As the year ended, the firewall and cowl were stripped and primed. Then the underside of the body was undercoated.

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Posted on: 2017/7/29 11:13
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Re: Joe's '49 Club Sedan
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The oil lines are a neat install. They appear to follow the late 1948 SC but am curious if anyone knows how long that implementation was in effect. Wonder if they did it that way on all solid lifter cars or if it just went to the early 49s until the optional hydraulic lifters became more the standard.

At some point they changed the early routing thru the filter and then to the lifters. By at least 51 it appears those 288/327 blocks had gone full flow to lifters all the time with the bypass to the filter. That was done by reinstating use of the small curved pigtail and using a 4 way fitting on the lower port. Filtered oil was dumped into the crankcase via a port on the lower edge of block.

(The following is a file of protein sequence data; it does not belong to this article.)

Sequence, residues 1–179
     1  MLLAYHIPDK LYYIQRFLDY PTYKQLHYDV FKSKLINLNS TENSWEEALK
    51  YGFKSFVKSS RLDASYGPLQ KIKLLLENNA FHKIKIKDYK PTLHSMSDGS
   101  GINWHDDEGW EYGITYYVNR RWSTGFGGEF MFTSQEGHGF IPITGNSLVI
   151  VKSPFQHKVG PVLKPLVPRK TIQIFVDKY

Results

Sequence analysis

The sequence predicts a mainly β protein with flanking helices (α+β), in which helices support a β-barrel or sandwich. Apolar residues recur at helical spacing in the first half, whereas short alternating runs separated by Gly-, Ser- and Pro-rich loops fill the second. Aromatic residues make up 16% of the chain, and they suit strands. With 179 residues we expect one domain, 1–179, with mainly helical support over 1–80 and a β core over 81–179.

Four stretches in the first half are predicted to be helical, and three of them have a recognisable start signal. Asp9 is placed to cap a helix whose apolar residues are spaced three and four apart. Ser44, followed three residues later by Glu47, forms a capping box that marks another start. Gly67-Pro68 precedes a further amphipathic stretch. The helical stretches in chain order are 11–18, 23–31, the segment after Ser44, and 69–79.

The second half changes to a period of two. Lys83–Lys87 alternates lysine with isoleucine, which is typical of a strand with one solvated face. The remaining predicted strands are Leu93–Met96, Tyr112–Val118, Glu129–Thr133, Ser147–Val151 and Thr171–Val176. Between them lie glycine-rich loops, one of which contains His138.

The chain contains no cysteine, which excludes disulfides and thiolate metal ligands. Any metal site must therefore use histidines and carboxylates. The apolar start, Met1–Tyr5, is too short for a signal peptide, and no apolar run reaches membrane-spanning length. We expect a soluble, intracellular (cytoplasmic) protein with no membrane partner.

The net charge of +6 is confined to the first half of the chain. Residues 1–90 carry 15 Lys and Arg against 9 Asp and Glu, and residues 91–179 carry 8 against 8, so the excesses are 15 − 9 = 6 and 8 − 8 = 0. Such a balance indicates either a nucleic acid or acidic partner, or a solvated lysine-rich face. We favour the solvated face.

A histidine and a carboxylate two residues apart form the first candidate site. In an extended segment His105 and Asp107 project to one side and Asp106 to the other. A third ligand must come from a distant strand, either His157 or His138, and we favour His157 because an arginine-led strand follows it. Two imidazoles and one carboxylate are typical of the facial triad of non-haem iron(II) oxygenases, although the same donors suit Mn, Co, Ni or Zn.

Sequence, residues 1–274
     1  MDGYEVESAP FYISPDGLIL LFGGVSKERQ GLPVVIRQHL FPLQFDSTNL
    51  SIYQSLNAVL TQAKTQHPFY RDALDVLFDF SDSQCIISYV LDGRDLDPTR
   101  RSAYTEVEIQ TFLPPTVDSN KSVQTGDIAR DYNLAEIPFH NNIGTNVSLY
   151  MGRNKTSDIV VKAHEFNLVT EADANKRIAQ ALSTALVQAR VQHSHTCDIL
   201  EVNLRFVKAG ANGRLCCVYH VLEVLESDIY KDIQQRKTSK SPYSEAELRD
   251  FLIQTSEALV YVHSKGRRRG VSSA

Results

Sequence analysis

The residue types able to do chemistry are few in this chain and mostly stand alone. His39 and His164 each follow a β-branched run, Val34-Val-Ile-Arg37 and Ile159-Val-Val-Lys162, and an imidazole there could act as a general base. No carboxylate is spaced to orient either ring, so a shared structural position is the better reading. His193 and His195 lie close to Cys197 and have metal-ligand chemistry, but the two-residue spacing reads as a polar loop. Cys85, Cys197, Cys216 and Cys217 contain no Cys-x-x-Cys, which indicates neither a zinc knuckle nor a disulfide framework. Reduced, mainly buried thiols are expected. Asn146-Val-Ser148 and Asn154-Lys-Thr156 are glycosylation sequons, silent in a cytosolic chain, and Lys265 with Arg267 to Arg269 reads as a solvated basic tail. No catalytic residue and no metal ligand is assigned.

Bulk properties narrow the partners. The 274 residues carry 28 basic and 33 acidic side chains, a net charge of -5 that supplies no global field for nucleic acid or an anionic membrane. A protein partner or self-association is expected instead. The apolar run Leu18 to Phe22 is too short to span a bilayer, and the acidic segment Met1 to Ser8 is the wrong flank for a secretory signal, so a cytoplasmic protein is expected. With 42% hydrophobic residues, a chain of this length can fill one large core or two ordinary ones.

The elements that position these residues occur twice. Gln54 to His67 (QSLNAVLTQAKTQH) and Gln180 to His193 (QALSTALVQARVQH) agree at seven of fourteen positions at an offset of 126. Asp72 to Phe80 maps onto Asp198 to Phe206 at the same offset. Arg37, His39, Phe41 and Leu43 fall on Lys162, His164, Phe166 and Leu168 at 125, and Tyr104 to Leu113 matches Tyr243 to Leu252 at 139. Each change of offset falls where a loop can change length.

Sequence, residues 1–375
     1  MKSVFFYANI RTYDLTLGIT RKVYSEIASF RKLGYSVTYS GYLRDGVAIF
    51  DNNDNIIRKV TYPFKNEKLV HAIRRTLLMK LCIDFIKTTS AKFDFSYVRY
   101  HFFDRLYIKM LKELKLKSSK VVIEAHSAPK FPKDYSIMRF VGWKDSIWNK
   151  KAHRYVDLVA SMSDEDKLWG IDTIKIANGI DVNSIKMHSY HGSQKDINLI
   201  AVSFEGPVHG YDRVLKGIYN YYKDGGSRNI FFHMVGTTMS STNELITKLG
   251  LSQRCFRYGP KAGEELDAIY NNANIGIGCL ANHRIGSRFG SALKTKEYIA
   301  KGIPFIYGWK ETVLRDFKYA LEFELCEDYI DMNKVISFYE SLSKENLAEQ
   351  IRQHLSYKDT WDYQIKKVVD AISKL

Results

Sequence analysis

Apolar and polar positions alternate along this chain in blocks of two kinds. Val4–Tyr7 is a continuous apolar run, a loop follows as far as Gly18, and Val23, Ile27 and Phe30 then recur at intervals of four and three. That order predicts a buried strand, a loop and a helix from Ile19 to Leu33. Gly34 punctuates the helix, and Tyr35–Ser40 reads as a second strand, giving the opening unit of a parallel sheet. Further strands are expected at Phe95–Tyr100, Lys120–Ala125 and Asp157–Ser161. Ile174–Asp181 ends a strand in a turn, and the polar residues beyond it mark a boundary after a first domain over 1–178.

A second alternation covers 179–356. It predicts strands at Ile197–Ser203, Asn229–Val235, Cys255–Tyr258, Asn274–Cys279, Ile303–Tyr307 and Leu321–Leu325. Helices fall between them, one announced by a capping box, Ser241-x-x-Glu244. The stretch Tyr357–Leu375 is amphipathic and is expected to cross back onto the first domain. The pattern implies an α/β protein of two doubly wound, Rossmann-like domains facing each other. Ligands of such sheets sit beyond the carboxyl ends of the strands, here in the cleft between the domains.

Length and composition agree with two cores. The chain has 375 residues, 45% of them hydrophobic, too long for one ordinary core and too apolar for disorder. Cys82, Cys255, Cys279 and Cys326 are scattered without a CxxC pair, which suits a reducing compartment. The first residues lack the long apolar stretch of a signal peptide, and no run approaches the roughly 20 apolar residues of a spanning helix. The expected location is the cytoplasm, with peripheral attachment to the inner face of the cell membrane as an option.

The low flow after the filter was OK for solid lifters but much like the 356 engines they found issues on cars with hydraulic lifters as the filters got dirty.

Posted on: 2017/7/29 11:57
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Re: Joe's '49 Club Sedan
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Joe Wareham
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The production number on the car is 5128 in the Series 23. Probably fairly early in the Series 23 run. Plus it's a 288 in a Packard 8 with solid lifters.

Posted on: 2017/7/31 12:09